2007-04-20 Nick Champeaux
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If Europeans could vote in the French presidential elections - who would they be backing?

In France, voting machines will be used for the first time for a presidential voteIn France, voting machines will be used for the first time for a presidential vote
Europeans want Ségolène Royal for president ! Twice as many would prefer French socialist presidential candidate Ségolène Royal, compared to her right wing rival Nicolas Sarkozy…..That’s what came out of a Harris Interactive survey for the Financial times newspaper. The survey was conducted in four countries: Germany, Italy, Spain and Britain. That’s only four out of twenty seven European member states, and it’s just an opinion poll in the first place. That said European commentators and correspondents tend to be more critical of Nicolas Sarkozy, compared to their French colleagues.

Most of France’s influential newspapers, TV channels and radio stations are owned by a handful of businessmen, who are often careful not to upset politicians, especially when they’re in a good position to win important elections. That’s why foreign media correspondents in Paris have less of a problem being hard hitting. José Maria Marti-Font is head of the Paris bureau for the Spanish daily El Pais. He has written an article on Nicolas Sarkozy entitled “the thirst for power”.

French conservative presidential candidate Nicolas Sarkozy, flanked by supporters, sings the national anthem at the end of a campaign meetingFrench conservative presidential candidate Nicolas Sarkozy, flanked by supporters, sings the national anthem at the end of a campaign meeting
"For Politicians to be ambitious is normal, but if they put their ambitions first, then we’re in trouble. The French press is very polite with politicians. For example Nicolas Sarkozy makes no secret of the fact that he personally called the majority shareholder of the daily newspaper “Libération” because he was not pleased with the way an article portrayed him! That would never happen in countries such as Spain, Britain or Germany."

Moving West to Germany where some of Sarkozy’s comments haven’t gone very well with a number of commentators. On two occasions Sarkozy said that no nation had contributed more to human rights than France, adding that France had not invented the holocaust , ignoring what Germany has done for the memory of the Shoah. Jacqueline Hénard is a German researcher and editorialist, she is the Paris correspondent for the Swiss Tages-Anzeiger newspaper.

"I do not agree with use history for political purposes, especially when it’s done in such a cheap manner. I mean everybody can see what he Sarkozy is trying to do. He is trying to lure voters from the National Front, the worst voters of the National Front, but I don’t think that he can go as far as that. And I think that the staff around German Chancellor Angela Merkel might remember these statements if he is elected."

upporters of French socialist presidential candidate Segolene Royal wave flags during her last campaign meeting in Toulouseupporters of French socialist presidential candidate Segolene Royal wave flags during her last campaign meeting in Toulouse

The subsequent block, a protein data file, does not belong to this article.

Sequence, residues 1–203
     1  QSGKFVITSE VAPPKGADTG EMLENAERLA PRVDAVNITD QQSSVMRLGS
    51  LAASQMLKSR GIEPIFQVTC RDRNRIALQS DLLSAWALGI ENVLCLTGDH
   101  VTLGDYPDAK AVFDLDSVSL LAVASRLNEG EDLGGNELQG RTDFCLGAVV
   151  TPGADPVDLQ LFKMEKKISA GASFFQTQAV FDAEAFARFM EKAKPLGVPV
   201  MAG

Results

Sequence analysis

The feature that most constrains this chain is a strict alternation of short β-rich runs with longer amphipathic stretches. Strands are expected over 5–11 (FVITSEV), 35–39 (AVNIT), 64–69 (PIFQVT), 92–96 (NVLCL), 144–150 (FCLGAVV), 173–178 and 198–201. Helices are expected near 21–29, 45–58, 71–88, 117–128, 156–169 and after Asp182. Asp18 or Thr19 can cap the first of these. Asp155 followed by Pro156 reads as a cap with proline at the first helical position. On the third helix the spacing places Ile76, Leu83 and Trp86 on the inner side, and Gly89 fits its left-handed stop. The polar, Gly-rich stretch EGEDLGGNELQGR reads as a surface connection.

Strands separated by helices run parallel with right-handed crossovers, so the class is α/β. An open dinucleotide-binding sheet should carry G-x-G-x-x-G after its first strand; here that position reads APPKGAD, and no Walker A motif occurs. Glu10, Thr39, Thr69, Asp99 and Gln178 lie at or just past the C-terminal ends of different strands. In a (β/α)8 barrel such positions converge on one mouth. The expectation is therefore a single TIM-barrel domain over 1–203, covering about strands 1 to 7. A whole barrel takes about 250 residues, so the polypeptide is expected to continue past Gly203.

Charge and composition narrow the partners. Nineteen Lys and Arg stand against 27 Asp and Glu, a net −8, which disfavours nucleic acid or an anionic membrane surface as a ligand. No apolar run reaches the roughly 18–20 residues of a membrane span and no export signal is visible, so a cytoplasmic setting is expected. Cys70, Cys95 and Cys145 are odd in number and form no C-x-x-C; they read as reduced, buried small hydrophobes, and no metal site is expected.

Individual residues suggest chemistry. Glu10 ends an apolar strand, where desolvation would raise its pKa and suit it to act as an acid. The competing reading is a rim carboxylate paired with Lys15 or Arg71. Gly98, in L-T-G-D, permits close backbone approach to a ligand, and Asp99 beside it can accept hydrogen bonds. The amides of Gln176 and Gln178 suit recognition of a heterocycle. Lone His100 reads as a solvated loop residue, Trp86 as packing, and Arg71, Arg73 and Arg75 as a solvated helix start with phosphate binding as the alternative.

Nicolas Sarkozy receives much more support across the channel. The Times daily newspaper endorses Sarkozy. And in London last week the “Economist” referred to Sarkozy as France’s chance. Here is an extract of what leaders of the influential weekly said about the fifty two year old contender.

"Unlike the others, and despite his long service as a minister under Mister Chirac, Sarkozy makes no bones of admitting that France needs radical change. He openly admires America; he is enthusiastic about the economic renaissance of Britain. He plans an early legislative blitz to take on hitherto untouchable issues such as labour-market liberalisation, cutting corporate and income taxes and trimming public-sector pensions."

The Economist chooses Sarkozy for a lack of anything better. The article actually devotes more column inches to criticizing Sarkozy than praising him, referring to him as a populist, someone who is less of a principled liberal than a brutal pragmatist.

French far-right leader and presidential candidate Jean-Marie Le Pen on a meeting in NiceFrench far-right leader and presidential candidate Jean-Marie Le Pen on a meeting in Nice
And what do European editorialists have to say about François Bayrou and his plans to put together a German type grand coalition? ……Jeanne Rubner from the Süddeutsche Zeitung says such plans are not realistic.

"We in Germany do not see the French as naturally inclined to coalition politics."

The French are seen as being Left or right and not really anything in between. They are not consensual, this system doesn’t suit the French political system and it doesn’t fit their way of doing politics. Here in Germany, it is seen as a dream, a nice dream, but a dream.

It may be a dream but it is an idea that is tempting the French electorate. Nicolas Sarkozy is aware of that. That’s probably why he has just come out in favour of including left wing ministers in his government if elected. But for many socialists, sharing power with Sarkozy would be more a nightmare than a dream.

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elections, france, nicolas sarkozy, public opinion, segolene royale

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